I’m all for war crimes trials in The Hague – so long as we agree to prosecute every possible war criminal

Reflect on the fact that Rifaat al-Assad had been in Europe for decades after he was first accused of sending his Defence Brigades to massacre civilians in Hama. He was worth millions. He lived in luxury in London at a time when I was asking why Scotland Yard didn’t pay him a visit

I like the idea of war crimes trials. Make an example of the monsters, is what I say. “Collar the lot,” as Churchill demanded in a somewhat different context. And if Nuremberg was victors’ justice, I’d prefer the imperfect trials they did hold than the version we would have got if Hitler had won and Roland Freisler, State Secretary of the Reich Ministry of Justice, was still running the Nazi People’s Court.

Right now, it’s becoming quite the thing to demand war crimes indictments all over the place. In the past week, we’ve had TRIAL International demanding that the Swiss judicial authorities act against Rifaat al-Assad for massacres at Palmyra prison in 1980 and at Hama in 1982. Rifaat is the brother of the late Hafez and uncle of Bashar, against whom Amnesty and the UN Commission on Syria would also like to level war crimes charges (according to Carla del Ponte, at least). And now the UN Security Council has unanimously adopted a resolution to collect evidence against Isis for “acts that may amount to genocide, war crimes and crimes against humanity”.

And I’m all for a little balance if we’re going to hunt down the perpetrators. War crimes investigators tried to spread the blame after the Bosnian war; Bosnian Muslims and Croatians were taken to The Hague as well as some of the more notorious Serb criminals.

I once bet a Warwickshire police officer that he’d never get Milosevic into court. He was absolutely adamant. “We’ll get him, we’ll see him in The Hague,” he said, as he drove me to another mass grave. And I was wrong and he was right; but of course, Slobodan died in prison (as rather too many defendants did at The Hague) before judgment was pronounced.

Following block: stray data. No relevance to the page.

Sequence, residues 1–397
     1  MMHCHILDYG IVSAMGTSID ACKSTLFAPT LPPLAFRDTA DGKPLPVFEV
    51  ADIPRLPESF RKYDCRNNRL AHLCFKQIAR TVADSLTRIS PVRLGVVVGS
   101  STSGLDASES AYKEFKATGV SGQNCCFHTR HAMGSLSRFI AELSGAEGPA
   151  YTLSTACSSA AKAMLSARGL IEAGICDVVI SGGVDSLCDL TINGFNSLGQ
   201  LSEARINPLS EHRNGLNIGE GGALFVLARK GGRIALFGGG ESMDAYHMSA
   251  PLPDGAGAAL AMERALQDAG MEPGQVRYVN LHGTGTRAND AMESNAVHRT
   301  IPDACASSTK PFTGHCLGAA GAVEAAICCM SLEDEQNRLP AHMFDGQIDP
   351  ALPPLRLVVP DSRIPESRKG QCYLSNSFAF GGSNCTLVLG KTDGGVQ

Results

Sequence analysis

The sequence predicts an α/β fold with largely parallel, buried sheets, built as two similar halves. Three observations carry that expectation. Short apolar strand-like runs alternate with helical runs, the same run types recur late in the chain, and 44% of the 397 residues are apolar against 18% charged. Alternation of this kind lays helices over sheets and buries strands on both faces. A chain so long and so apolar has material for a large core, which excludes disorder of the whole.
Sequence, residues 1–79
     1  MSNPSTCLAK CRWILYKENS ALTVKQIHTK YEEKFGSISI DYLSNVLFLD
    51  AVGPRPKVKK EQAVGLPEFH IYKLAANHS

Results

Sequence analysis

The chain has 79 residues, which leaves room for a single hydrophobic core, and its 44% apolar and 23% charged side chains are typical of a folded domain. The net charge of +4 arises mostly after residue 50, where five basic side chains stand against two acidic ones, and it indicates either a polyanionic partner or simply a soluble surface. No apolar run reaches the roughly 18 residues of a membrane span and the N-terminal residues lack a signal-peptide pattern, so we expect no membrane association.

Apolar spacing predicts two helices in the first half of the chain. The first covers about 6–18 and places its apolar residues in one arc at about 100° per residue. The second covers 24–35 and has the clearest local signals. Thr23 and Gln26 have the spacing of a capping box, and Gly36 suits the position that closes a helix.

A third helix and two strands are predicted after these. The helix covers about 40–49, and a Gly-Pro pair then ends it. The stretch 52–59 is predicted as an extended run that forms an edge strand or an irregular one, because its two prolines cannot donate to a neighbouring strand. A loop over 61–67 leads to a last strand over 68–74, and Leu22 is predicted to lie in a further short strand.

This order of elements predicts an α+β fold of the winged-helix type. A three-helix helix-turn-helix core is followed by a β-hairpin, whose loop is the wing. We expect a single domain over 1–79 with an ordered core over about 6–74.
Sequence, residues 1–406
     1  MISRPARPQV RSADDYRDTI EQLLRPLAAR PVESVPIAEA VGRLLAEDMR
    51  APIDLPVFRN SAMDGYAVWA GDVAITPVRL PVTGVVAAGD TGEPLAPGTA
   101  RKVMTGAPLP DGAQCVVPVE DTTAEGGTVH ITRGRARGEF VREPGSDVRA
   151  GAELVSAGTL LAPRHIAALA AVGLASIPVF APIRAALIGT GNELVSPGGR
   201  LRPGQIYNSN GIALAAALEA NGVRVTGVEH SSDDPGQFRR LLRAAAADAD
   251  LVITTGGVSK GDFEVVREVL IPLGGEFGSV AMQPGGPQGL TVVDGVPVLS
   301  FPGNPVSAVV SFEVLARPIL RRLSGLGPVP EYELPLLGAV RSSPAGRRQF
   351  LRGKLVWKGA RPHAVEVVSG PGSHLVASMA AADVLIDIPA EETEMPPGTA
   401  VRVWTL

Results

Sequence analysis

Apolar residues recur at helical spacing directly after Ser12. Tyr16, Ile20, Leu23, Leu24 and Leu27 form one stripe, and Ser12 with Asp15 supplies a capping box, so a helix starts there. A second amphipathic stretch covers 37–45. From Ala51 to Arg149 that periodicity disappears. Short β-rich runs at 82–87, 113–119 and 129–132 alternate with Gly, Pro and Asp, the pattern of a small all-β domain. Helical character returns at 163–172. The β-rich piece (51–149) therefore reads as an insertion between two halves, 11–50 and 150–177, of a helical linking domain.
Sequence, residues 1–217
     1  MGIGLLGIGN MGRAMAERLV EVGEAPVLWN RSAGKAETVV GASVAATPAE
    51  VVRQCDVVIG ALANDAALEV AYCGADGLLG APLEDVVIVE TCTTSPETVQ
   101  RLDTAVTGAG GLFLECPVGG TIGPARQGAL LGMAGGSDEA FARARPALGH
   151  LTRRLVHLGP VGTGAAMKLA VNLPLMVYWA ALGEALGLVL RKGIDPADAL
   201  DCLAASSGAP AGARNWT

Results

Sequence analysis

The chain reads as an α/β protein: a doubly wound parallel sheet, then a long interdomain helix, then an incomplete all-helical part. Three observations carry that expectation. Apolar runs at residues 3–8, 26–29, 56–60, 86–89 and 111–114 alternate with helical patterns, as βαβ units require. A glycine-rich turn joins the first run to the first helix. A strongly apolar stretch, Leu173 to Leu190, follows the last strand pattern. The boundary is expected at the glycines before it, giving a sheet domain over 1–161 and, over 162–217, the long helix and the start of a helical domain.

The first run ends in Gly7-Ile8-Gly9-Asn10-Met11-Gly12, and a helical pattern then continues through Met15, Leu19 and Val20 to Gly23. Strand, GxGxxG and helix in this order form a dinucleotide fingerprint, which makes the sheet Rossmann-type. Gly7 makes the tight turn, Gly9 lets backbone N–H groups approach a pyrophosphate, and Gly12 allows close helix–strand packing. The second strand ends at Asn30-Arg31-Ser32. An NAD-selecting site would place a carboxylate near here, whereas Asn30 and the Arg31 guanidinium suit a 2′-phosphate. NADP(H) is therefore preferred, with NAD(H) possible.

But no matter. The word went out that you don’t get away with war crimes. Nor did Saddam, though his trial was a farce, and liberal Europe had to feebly protest when the man they claimed was worse than Hitler got topped while his Shia Muslim executioners jeered at him on Sunni Islam’s holiest day.

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We have to remember that when Saddam was convicted in that most un-Hague-like court in Baghdad, he was charged not with gassing the Kurds but with killing dozens of Shia Muslims in an almost forgotten massacre years earlier. The Kurds were stunned. But then we have to remember that the US gave Iraq precursors for their gas – from New Jersey, were they not? – so a trial about the gassings and Saddam’s own evidence might have been a bit embarrassing for us all.

I suspect something similar may pop up if we grab a real leader of Isis and question him about where he got all the weapons he used for his mass slaughter across Iraq and Syria. Even when David Cameron commissioned an enquiry into “terrorist funding”, our saintly Theresa had to keep it secret to avoid embarrassing our Saudi friends. But don’t the funders buy the guns that Isis uses? Are they immune from justice?

I remember a phone call I received in Beirut from a Hague official who asked me to give evidence against a Serb concentration camp commander whom I’d interviewed in Bosnia. I said he could use my reports but that I wasn’t going to play reporters during a war and then turn into a spy when the war was over. I was threatened with possible arrest if I was not prepared to give evidence. So I said I would certainly cooperate with The Hague – if they charged all the war criminals in the Middle East. And – Sabra and Chatila being a Palestinian massacre I had personally witnessed – I asked when charges would be brought against the Lebanese Christian militiamen who killed up to 1,700 men, women and children in 1982 and, more importantly, against the man who sent them into the camps: the Israeli minister of defence and later Israeli Prime Minister Ariel Sharon. At which point – do I need to bother with this? – the Hague official who had been so officious, immediately hung up the phone. And (gasps of surprise) I never heard from him again.